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Diet-to-Go Blog
  1. Exercising Outdoors in the Cold: Yes!


    We all know how important exercise is to your overall health and weight loss efforts, but what about when it starts to get cold? Can you stay motivated and moving when it’s cold outside? Yes you can! Just because Jack Frost has started nipping at your nose doesn’t mean you need to be forced inside or give up your exercise routine. With just a few precautions exercising outdoors in the cold can be quite fun and beneficial.

    Benefits of Exercising Outdoors
    (yes, even in the cold)

    • You’ll be more engaged. Research has shown that exercising outdoors tends to be more mentally stimulating compared to exercising indoors. It makes sense when you consider how much more vigilant you have to be when running or walking in your neighborhood versus being on a treadmill. The importance of paying attention to your terrain and changing surroundings so you don’t injure yourself cannot be overlooked.
    • You’ll have more energy. Outdoor-exercisers often report greater feelings of revitalization and increased energy: nothing wakes you up like a brisk walk on a cool morning.
    • You’ll breathe cleaner air. The Environmental Protection Agency estimates that indoor air is more polluted than outdoor air, a lot more polluted.
    • You’ll get your daily dose of Vitamin D. Scientists recommend outdoor exercise as a way to get your vitamin D through sunlight. This is especially important if you are overweight as a recent study found that people who are overweight are almost twice as likely to be deficient in vitamin D.

    How to Safely Exercise in the Cold

    Exercising in the Cold Rule #1: Dress in layers

    Exercising outside when it's cold can be tricky. You're freezing when you first start exercising. But then as you start to move you warm up and you begin sweating. Then the sweat starts to dry and you get chilled. And then you're miserable. The solution? Layers.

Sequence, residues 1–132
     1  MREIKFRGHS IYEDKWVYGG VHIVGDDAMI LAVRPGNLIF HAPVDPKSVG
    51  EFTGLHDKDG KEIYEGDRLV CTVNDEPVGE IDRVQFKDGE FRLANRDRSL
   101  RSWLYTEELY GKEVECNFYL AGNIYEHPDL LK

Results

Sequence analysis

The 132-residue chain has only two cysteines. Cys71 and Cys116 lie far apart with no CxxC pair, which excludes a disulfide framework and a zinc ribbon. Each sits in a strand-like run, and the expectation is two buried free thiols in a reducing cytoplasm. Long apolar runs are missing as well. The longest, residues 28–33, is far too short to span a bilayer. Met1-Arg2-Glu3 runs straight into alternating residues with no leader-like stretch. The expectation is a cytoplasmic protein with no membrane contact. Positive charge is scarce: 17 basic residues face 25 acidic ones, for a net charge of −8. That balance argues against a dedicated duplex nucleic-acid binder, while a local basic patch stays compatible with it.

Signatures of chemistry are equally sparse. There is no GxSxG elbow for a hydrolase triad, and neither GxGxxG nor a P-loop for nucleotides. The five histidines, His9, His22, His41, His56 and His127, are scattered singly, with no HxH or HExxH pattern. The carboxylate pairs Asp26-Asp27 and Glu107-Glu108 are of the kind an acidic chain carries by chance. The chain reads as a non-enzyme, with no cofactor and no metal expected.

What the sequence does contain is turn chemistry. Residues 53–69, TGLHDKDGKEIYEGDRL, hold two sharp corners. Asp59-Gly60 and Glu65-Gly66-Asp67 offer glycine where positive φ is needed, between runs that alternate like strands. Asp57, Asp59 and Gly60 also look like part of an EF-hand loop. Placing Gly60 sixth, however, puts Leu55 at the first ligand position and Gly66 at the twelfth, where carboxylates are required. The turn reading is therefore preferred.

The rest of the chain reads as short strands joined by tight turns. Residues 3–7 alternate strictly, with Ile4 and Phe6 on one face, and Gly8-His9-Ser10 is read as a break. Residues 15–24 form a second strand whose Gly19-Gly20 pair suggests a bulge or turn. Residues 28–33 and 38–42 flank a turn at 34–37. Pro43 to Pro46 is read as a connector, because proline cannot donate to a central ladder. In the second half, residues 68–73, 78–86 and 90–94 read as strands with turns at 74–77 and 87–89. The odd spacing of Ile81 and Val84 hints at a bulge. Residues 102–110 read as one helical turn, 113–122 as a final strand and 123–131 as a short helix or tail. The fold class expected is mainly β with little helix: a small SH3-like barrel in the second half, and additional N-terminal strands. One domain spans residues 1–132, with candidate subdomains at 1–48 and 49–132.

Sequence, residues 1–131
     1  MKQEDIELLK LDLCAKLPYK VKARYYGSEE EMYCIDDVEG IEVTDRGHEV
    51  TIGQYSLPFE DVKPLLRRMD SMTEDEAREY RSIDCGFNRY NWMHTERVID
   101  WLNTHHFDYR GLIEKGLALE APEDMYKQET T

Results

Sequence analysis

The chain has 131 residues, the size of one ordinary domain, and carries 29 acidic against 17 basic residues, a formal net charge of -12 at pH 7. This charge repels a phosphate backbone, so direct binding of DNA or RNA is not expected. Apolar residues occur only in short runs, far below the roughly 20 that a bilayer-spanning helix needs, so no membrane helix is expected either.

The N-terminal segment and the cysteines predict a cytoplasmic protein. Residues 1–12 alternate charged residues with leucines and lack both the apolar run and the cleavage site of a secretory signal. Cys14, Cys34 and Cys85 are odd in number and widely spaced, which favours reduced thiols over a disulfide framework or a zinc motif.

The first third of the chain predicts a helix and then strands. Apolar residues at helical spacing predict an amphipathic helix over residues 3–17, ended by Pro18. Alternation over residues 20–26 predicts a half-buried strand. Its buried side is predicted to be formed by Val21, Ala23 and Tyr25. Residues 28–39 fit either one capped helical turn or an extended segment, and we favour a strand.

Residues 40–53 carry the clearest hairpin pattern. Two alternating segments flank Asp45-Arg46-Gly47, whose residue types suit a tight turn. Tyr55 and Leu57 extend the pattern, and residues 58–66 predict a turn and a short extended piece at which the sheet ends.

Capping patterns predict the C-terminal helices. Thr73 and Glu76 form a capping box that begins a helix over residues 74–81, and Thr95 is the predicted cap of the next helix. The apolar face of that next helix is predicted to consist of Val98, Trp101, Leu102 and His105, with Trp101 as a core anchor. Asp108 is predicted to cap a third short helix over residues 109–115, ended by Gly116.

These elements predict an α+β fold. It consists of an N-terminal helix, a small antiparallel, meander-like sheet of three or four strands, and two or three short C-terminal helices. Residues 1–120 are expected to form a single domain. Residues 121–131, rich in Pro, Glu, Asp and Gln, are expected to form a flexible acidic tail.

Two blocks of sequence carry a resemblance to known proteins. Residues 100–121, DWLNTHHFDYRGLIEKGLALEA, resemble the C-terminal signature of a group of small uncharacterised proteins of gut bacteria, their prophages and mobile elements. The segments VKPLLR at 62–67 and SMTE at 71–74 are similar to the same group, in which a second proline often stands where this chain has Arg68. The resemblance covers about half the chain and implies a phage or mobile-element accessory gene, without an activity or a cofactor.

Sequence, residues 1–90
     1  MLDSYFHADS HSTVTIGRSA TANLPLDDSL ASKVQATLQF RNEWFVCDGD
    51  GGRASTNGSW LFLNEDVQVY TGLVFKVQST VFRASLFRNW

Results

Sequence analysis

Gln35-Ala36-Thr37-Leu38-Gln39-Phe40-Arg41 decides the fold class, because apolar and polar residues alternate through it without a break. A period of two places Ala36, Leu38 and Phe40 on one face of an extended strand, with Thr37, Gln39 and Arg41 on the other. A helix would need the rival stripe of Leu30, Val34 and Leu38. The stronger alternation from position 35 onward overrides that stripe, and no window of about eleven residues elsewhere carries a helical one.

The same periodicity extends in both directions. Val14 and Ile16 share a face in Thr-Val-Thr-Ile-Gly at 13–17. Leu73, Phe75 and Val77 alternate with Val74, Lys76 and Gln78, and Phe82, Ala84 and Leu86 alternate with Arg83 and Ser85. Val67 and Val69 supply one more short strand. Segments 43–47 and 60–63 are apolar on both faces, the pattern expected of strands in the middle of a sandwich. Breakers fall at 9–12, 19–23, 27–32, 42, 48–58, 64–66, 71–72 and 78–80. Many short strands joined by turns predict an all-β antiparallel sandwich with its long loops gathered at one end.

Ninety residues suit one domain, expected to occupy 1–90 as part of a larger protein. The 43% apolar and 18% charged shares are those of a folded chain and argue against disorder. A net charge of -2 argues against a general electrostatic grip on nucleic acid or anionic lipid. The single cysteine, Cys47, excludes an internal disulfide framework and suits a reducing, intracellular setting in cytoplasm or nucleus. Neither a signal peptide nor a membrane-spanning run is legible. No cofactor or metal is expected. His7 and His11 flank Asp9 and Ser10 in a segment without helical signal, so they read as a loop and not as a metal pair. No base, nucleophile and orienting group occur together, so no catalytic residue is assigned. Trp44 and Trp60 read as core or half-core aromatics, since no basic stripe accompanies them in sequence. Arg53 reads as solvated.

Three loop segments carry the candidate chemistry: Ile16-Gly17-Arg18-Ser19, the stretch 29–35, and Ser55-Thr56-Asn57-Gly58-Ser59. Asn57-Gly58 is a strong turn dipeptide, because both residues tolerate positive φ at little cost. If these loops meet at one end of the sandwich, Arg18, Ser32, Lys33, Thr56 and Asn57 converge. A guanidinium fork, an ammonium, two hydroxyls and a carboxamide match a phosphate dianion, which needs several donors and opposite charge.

Dressing in layers is key to maintaining a comfortable, safe body temperature. However, the way you layer is just as important as if you layer. You need to make sure you can peel off or put on clothing as needed. You need clothes that work together to wick away moisture, insulate and protect from wind, rain and snow. Proper layering is broken into three categories: inner, middle and outer.

    The inner layer, also called a base layer, is the first layer of clothing you wear directly contacting your skin. This layer should fit snug and be made of synthetic material to wick away the sweat and keep your skin dry and warm. Cotton is not a good choice as it tends to trap moisture and exercising outside in the cold with a wet, soggy shirt is no fun!

    The mid layer should be a looser fit than the inner layer, but not baggy. This layer is designed to trap and hold your body heat in. Good materials for the middle layer are fleece, polyester, down and wool.

    And finally the outer layer should keep you protected from the weather: wind, rain, snow and the like. The outer layer should also be rugged and able to stand up to the elements.

    While the three-layer approach is a good rule of thumb, you don’t always need all three layers all the time. That’s the beauty of layering, you can take on and peel off layers as needed.

    Exercising in the Cold Rule #2: Stay Hydrated